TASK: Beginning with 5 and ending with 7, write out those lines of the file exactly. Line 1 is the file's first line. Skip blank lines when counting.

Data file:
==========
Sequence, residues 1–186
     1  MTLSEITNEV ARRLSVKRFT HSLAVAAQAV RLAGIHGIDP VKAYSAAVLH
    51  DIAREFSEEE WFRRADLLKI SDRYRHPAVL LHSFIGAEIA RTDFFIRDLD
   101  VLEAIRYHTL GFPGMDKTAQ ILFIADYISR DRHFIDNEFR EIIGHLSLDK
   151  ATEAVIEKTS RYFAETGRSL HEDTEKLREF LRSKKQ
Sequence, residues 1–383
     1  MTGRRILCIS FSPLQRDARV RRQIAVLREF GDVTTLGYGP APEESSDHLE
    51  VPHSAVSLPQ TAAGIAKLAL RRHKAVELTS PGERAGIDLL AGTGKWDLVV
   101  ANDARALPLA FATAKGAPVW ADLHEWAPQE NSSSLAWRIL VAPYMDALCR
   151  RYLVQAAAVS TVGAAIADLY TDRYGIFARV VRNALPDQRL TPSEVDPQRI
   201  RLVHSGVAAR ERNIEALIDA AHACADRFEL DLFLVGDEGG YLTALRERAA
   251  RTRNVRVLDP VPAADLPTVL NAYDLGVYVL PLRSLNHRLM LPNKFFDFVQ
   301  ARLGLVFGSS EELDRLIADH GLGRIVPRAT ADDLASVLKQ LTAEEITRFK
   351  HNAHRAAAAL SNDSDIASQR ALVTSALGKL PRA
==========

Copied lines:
   151  ATEAVIEKTS RYFAETGRSL HEDTEKLREF LRSKKQ
Sequence, residues 1–383
     1  MTGRRILCIS FSPLQRDARV RRQIAVLREF GDVTTLGYGP APEESSDHLE